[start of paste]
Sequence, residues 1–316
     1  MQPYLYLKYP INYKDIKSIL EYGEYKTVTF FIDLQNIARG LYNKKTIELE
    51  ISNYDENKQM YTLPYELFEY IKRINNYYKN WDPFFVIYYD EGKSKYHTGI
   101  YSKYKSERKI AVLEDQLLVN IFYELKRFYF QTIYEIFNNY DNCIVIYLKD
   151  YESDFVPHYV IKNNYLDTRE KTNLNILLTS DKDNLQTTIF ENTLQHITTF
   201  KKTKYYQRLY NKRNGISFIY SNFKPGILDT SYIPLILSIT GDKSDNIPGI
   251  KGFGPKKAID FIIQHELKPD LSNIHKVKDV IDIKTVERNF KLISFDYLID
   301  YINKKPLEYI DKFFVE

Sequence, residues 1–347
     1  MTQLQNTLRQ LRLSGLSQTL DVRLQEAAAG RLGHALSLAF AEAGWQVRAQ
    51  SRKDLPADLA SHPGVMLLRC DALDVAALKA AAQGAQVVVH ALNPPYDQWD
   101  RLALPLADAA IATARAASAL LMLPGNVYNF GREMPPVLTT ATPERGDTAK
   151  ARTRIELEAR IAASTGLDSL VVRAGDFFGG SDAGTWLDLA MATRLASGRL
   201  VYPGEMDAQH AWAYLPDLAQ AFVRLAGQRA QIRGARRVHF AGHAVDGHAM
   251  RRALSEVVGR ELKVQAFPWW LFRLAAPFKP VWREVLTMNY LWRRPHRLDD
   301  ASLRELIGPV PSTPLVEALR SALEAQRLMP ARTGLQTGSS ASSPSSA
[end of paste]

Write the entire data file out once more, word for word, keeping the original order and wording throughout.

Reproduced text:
Sequence, residues 1–316
     1  MQPYLYLKYP INYKDIKSIL EYGEYKTVTF FIDLQNIARG LYNKKTIELE
    51  ISNYDENKQM YTLPYELFEY IKRINNYYKN WDPFFVIYYD EGKSKYHTGI
   101  YSKYKSERKI AVLEDQLLVN IFYELKRFYF QTIYEIFNNY DNCIVIYLKD
   151  YESDFVPHYV IKNNYLDTRE KTNLNILLTS DKDNLQTTIF ENTLQHITTF
   201  KKTKYYQRLY NKRNGISFIY SNFKPGILDT SYIPLILSIT GDKSDNIPGI
   251  KGFGPKKAID FIIQHELKPD LSNIHKVKDV IDIKTVERNF KLISFDYLID
   301  YINKKPLEYI DKFFVE

Sequence, residues 1–347
     1  MTQLQNTLRQ LRLSGLSQTL DVRLQEAAAG RLGHALSLAF AEAGWQVRAQ
    51  SRKDLPADLA SHPGVMLLRC DALDVAALKA AAQGAQVVVH ALNPPYDQWD
   101  RLALPLADAA IATARAASAL LMLPGNVYNF GREMPPVLTT ATPERGDTAK
   151  ARTRIELEAR IAASTGLDSL VVRAGDFFGG SDAGTWLDLA MATRLASGRL
   201  VYPGEMDAQH AWAYLPDLAQ AFVRLAGQRA QIRGARRVHF AGHAVDGHAM
   251  RRALSEVVGR ELKVQAFPWW LFRLAAPFKP VWREVLTMNY LWRRPHRLDD
   301  ASLRELIGPV PSTPLVEALR SALEAQRLMP ARTGLQTGSS ASSPSSA